Five months were needed to put a definitive end to the trouble, but most of the problems were over by May 11, 1775.

Political and social critique[edit]

  • The idea of free trade of grain was discredited. Longer term, the economic experiment distanced the masses from the government in Versailles.
  • In the realm of politics, the outcome provoked fundamental modifications to the government and a change in royal policies. Turgot calls for and obtains, on behalf of Louis XVI, the resignation of the Lieutenant General of Police, Jean-Charles-Pierre Lenoir.
  • A few libelous statements, very localized in origin, blamed the king himself: one would find attacks against "the Bourbon blood," but these writings were the doing of a cultivated population and of learned pens. For Kaplan, the event marked the growing disenchantment of the people toward the king, a step toward the rupture of the sacred bond between the king and his subjects.
  • However, the rioters showed a paradoxical nature, evincing the characteristics of economic morality brought to light by the historians E.P. Thompson and Charles Tilly: on the one hand, a request to return to royal paternalism, and at the same time, a critique of governmental policy. Two opposing logics: one that obeys the laws of property, and one that obeys morality. The rioters challenged public authority and requested the restoration of fair pricing. Lacking a response, set up a practice of rules of internal order: regulatory power.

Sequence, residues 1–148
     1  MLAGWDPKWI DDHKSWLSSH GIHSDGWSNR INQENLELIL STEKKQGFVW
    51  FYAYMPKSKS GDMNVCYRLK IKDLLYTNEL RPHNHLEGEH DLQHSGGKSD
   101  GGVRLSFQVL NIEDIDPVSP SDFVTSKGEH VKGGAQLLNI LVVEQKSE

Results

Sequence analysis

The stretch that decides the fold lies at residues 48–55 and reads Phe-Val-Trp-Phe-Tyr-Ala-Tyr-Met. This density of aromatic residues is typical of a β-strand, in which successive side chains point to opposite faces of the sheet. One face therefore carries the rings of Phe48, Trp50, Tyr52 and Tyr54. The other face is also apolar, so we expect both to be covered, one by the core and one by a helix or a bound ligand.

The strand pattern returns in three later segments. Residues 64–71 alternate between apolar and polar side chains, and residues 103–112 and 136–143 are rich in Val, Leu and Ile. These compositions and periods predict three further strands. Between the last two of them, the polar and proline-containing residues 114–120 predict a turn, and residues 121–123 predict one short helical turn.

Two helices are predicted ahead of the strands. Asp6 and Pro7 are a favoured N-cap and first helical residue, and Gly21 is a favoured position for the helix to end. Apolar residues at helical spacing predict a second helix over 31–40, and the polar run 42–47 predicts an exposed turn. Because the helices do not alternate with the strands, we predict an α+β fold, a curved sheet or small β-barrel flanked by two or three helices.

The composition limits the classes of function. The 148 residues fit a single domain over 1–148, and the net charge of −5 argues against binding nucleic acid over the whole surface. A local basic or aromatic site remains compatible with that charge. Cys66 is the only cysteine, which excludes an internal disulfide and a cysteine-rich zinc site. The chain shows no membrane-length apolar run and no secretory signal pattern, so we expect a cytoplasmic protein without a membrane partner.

• Finally, these rioters were a sign of a desire for food justice and redistribution, based upon a strong demand for regulation and supervision. The bread rioters could further be compared to jacqueries, in the sense where they were not trained against political authority, they were not doing it to usurp power, but they were obeying a communal discipline. Grain access and fair pricing of bread emerged as universal rights.
  • On the social level, sources witnessed an increase in social tensions and social polarization: a small group of elite rich farmers were opposed to the masses of increasingly poor farmers. The peasants, described by certain sources as Insurgents, were accompanied by village officials (who were sometimes forced) and by parish priests, like in Normandy.

The rioters' targets were therefore those individuals who were free of communal discipline: farmers and owners of large farms in the Paris Basin, and, to a lesser extent, the bourgeoisie of the cities. Occasionally, noble landholders or clerics, farmers who had status in the feudal system, for example Jacques-Pierre de Hericourt, farmer of Cagny, in Brie, lord of Chesany.